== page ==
The Aquabats (Photo by Forrest Locke)

Alongside Young the Giant, veteran foursome Thrice are probably Irvine’s best-known rock export. Their frontman Dustin Kensrue has stayed busy while isolated, performing a heartfelt virtual duet of the Peter Gabriel classic “In Your Eyes” with Switchfoot singer Jon Foreman, and then a solo acoustic set for the Riot Fest At Home livestream series.

Members of Yorba Linda metalcore mainstays Atreyu also kept at it during lockdown, with many of their efforts focused on raising money to help support their idled road crew. Singing drummer Brandon Saller performed a streaming “Live From My Living Room” concert on May 22, with a portion of the proceeds going to the band’s crew, and various members have also streamed acoustic jams and playthroughs of favorite Atreyu tracks.

Atreyu (Courtesy Spinefarm Records)

Predictably, Placentia’s pot-fixated hip-hoppers Kottonmouth Kings traditionally mark 4/20 (April 20) in some special way. With face-to-face performances ruled out this year, they had to celebrate this unofficial “Weed Day” with a split-screen remote livestream. This consisted of the three remaining members of the kinda-on-hiatus group rambling on from their respective homes about their stoner lifestyles under lockdown and recounting episodes from KK’s nearly 25-year history, augmented by various drop-in guests, for nearly two hours.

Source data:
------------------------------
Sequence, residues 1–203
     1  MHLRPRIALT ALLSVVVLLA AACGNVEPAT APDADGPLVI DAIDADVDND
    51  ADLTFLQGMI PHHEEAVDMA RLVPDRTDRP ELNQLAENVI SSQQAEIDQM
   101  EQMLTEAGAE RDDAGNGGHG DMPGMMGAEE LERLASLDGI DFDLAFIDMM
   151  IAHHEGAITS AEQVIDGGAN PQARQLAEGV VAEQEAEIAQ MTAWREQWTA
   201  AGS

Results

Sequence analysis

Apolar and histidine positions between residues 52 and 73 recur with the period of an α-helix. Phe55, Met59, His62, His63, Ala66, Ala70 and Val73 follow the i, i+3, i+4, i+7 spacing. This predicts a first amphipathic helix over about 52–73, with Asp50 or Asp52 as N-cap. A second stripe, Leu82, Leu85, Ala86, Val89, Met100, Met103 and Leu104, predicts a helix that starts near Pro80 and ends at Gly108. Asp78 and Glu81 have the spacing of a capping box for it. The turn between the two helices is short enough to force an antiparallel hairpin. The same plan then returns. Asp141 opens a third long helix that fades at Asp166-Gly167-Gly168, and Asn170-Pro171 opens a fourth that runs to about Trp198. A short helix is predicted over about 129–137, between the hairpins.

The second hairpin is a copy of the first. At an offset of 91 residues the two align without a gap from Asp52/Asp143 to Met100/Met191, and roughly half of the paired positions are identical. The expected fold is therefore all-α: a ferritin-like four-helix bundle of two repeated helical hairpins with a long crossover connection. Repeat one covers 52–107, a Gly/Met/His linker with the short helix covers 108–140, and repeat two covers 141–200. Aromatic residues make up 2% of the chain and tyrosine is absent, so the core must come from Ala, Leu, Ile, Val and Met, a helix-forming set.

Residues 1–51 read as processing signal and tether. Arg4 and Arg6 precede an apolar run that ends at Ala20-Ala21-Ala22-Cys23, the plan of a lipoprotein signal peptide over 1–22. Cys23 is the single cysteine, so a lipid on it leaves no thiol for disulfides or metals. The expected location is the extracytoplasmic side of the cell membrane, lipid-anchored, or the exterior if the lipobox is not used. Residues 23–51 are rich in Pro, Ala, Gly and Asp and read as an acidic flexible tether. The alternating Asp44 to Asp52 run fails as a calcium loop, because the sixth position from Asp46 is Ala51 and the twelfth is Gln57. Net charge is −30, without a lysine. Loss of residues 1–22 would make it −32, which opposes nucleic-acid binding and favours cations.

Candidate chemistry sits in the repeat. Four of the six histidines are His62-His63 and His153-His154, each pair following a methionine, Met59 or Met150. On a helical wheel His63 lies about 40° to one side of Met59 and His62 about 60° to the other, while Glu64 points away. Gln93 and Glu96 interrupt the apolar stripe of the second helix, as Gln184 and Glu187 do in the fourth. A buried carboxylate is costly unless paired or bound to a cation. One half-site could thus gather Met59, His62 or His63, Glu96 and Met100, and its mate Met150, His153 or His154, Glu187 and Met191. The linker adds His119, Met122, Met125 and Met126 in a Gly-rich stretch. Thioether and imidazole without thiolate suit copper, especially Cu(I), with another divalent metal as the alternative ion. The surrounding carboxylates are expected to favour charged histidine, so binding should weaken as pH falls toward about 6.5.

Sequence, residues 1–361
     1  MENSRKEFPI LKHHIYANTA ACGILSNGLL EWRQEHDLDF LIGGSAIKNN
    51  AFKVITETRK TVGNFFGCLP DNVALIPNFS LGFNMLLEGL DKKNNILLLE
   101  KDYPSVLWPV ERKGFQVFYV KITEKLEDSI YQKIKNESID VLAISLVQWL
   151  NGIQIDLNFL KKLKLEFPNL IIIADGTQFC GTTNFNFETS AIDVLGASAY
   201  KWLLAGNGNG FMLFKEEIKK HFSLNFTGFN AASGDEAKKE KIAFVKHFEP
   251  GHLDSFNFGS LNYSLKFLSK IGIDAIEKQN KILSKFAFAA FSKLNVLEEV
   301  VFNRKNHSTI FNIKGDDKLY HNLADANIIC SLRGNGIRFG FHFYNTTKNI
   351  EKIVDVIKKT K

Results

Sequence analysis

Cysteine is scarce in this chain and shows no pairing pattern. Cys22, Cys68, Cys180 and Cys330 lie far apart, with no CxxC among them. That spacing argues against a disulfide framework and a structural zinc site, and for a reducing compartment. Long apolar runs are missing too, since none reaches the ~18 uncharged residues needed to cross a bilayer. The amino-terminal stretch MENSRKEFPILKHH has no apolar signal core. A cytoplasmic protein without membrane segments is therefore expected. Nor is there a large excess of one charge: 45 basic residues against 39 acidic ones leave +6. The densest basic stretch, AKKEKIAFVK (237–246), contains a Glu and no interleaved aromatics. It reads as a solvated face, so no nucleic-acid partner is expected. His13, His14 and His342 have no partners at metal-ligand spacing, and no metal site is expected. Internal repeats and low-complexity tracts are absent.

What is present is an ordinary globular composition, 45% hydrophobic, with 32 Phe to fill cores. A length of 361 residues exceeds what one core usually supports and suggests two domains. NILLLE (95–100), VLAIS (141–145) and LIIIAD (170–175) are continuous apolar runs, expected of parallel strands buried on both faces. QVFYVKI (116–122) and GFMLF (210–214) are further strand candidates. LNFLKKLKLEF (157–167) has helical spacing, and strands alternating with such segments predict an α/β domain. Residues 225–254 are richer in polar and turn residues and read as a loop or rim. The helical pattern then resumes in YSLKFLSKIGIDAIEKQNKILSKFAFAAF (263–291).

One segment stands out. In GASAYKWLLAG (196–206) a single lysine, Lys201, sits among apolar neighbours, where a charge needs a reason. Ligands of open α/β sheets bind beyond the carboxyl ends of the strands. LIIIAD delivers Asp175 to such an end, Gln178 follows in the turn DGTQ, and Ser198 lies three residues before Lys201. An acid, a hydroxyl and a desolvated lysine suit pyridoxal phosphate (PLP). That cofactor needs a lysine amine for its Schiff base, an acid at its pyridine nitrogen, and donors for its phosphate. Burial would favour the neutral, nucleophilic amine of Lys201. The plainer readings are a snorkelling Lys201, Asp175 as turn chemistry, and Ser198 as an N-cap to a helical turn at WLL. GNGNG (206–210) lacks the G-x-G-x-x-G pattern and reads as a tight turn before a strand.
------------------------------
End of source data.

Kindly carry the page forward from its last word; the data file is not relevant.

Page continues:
With their fun-focused M.O. deflated by current conditions, Orange County punk veterans Zebrahead have been keeping the party going in cyberspace with weekly “Songs in the Key of Quarantine” playlists on Spotify. These have leaned towards punk, and especially O.C. punk (including, of course, Zebrahead), but have also featured everything from pop to full-blown metal. Additionally, drummer Ed Udhus and guitarist Dan Palmer have recorded “quarantine play-alongs” of popular ZH songs from the band’s rehearsal space.

Lit (Photo by Kevin Scanlon)

Fullerton’s Lit – best-known for huge 1999 hit “My Own Worst Enemy” — offered fans the opportunity to “Get Lit with Lit” for four days in April. This entailed doing personalized virtual liquor shots with founder members Ajay and Jeremy Popoff on Cameo, with 100 percent of proceeds going to the MusiCares non-profit (which aims to “safeguard the health and well-being of all music people”).

I mentioned Huntington Beach alt-metal up-and-comers BI·AS in my article last month about area musicians coping during lockdown, but they earn another shout-out here for sheer extent of their creativity during the pandemic. The quintet actually wrote and self-produced a song, then self-recorded and edited an accompanying video; all while sheltering-in-place in their respective homes. Considering that the band features founding Korn drummer David Silveria, it’s little surprise that the resulting song, “Unsavory”, is throwback nu-metal. But the songcraft, recording and split-screen video are all impressively professional (under any circumstances).